Are You Being Infected by Stress?
May 25, 2000 (Los Angeles) -- Many people find that they get sick more easily when they are under a lot of stress. Now researchers have found a possible reason why: The hormones our bodies release in response to stress stimulate the growth of some common bacteria. They presented their findings at a microbiology meeting here this week.
The response of the immune system to stress has been studied extensively, say authors Tesfaye Belay, PhD, and Gerald Sonnenfeld, MD. But the direct effects of these stress hormones on the growth of bacteria are not well known, they say. They decided to study the effect of human stress hormones on some of these germs.
When the researchers mixed three strains of bacteria that cause disease in a "cocktail" containing stress hormones, they found that two forms of the stress hormone adrenaline significantly enhanced the growth of two of the three types of bacteria.
"There are also reports that these hormones suppress certain aspects of the immune system," says Belay. This study, he tells WebMD, suggests that hormones produced in times of stress may increase the risk of getting an infection by stimulating the growth of bacteria in the body, as well as by suppressing the immune system. But he hastens to add that these findings are very preliminary and must be confirmed.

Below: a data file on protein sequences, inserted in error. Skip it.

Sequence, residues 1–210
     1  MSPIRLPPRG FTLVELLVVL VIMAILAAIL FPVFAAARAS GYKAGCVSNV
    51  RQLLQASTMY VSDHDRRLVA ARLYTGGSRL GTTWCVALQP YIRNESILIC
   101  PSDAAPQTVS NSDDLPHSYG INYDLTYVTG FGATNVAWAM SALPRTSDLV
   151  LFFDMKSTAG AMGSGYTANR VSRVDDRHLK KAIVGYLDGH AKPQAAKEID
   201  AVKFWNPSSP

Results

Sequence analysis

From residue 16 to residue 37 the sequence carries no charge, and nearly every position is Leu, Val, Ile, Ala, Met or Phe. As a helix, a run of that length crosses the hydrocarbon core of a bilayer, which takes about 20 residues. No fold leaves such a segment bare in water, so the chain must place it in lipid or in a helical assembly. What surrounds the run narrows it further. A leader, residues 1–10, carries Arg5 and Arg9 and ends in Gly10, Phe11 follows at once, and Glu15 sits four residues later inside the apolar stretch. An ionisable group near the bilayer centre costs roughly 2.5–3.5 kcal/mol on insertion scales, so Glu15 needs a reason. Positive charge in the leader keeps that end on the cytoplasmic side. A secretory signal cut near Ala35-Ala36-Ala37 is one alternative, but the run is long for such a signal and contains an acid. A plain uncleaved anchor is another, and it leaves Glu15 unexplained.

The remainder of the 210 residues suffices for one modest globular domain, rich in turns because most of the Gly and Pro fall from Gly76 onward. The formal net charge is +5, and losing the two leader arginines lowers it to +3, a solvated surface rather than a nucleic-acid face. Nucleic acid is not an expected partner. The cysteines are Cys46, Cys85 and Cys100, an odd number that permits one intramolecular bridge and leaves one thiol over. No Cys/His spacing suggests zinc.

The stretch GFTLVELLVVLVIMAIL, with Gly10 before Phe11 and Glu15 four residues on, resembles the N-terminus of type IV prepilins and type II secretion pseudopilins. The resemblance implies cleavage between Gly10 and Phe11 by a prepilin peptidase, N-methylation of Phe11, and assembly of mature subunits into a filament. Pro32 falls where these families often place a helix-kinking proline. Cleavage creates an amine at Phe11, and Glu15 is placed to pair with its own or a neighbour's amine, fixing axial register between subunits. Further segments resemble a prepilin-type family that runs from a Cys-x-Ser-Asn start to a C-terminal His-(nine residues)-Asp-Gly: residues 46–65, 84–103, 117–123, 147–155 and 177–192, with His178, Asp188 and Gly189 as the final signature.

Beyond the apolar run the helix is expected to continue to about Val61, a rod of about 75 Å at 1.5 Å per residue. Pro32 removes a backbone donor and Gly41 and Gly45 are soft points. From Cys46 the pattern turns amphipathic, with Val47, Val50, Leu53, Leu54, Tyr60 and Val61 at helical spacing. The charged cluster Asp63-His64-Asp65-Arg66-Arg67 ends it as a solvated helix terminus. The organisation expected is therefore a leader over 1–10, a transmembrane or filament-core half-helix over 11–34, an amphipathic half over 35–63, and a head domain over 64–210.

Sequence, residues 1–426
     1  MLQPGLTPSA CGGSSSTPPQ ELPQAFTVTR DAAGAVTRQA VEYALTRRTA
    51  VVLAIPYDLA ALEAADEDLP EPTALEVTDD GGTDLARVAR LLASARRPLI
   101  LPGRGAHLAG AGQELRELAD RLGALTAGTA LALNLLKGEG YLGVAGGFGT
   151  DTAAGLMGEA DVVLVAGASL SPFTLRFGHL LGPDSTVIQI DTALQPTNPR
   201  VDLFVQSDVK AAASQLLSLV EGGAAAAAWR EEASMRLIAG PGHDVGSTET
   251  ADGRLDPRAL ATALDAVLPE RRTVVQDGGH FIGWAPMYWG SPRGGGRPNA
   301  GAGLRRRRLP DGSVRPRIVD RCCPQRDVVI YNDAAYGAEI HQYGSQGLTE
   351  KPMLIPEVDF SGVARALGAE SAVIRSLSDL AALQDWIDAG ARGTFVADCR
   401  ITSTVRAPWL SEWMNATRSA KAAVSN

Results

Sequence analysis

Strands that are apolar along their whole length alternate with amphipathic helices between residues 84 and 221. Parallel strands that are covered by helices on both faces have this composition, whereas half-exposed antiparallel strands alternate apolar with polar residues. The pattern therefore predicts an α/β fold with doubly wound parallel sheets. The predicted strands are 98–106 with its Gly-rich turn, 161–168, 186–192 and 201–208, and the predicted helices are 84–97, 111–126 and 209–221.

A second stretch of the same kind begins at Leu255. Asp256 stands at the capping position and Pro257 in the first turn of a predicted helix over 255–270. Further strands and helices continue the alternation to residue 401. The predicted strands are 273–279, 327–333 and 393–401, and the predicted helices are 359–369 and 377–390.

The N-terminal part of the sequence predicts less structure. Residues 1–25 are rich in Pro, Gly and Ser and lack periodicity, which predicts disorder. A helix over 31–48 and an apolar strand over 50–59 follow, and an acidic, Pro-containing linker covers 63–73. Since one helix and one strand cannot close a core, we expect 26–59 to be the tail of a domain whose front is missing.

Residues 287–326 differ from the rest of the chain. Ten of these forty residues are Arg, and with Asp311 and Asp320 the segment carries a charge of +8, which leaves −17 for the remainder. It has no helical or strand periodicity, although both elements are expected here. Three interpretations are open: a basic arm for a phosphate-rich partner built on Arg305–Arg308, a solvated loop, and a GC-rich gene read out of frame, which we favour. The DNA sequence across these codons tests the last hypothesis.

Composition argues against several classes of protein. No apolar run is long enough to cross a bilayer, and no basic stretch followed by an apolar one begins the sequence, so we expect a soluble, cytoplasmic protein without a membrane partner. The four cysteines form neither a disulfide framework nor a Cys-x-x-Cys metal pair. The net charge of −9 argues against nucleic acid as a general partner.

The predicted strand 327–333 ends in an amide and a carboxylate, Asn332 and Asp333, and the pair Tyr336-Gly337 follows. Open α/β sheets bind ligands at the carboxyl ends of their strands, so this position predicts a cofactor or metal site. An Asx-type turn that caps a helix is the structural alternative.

Still, he agrees that this might help explain why people often seem to get sick during times of stress. "These hormones somehow affect the immune system and might help promote infection." Now, he says, the challenge is to determine just how adrenaline acts on the bacteria to make them proliferate. Belay is a postdoctoral research associate in the department of microbiology and immunology at Morehouse School of Medicine in Atlanta.
Belay warns that it is too early for doctors to know just how to use this information to help their patients. Still, he says, "It is possible that effects of human stress hormones may contribute, in some cases, to the establishment and progression of some infections." Future studies will shed more light on the actions of these hormones and could help scientists learn how to temper their effects.
- It is known in the medical community that stress hormones can suppress certain aspects of the immune system, increasing the likelihood of getting sick.
- Preliminary research shows that another reason stress may cause illness is because these same hormones encourage the growth of certain types of bacteria.
- Scientists do not yet know how the stress hormones work to promote infection.